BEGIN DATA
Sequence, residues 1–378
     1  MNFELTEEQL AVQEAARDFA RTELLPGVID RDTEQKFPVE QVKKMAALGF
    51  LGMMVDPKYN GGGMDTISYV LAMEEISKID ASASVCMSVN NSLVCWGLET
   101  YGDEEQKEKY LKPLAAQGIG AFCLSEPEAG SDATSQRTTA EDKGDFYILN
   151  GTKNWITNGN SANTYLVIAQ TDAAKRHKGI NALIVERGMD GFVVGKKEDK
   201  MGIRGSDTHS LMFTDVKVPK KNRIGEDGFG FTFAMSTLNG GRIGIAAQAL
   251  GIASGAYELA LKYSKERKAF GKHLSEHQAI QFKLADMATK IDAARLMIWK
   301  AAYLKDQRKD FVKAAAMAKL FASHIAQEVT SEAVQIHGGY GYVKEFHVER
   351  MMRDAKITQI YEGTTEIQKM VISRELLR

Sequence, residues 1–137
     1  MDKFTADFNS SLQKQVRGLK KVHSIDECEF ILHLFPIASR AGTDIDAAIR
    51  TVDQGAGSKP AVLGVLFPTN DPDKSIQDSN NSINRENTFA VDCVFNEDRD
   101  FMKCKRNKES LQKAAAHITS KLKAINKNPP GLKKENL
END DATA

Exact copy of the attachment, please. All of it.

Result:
Sequence, residues 1–378
     1  MNFELTEEQL AVQEAARDFA RTELLPGVID RDTEQKFPVE QVKKMAALGF
    51  LGMMVDPKYN GGGMDTISYV LAMEEISKID ASASVCMSVN NSLVCWGLET
   101  YGDEEQKEKY LKPLAAQGIG AFCLSEPEAG SDATSQRTTA EDKGDFYILN
   151  GTKNWITNGN SANTYLVIAQ TDAAKRHKGI NALIVERGMD GFVVGKKEDK
   201  MGIRGSDTHS LMFTDVKVPK KNRIGEDGFG FTFAMSTLNG GRIGIAAQAL
   251  GIASGAYELA LKYSKERKAF GKHLSEHQAI QFKLADMATK IDAARLMIWK
   301  AAYLKDQRKD FVKAAAMAKL FASHIAQEVT SEAVQIHGGY GYVKEFHVER
   351  MMRDAKITQI YEGTTEIQKM VISRELLR

Sequence, residues 1–137
     1  MDKFTADFNS SLQKQVRGLK KVHSIDECEF ILHLFPIASR AGTDIDAAIR
    51  TVDQGAGSKP AVLGVLFPTN DPDKSIQDSN NSINRENTFA VDCVFNEDRD
   101  FMKCKRNKES LQKAAAHITS KLKAINKNPP GLKKENL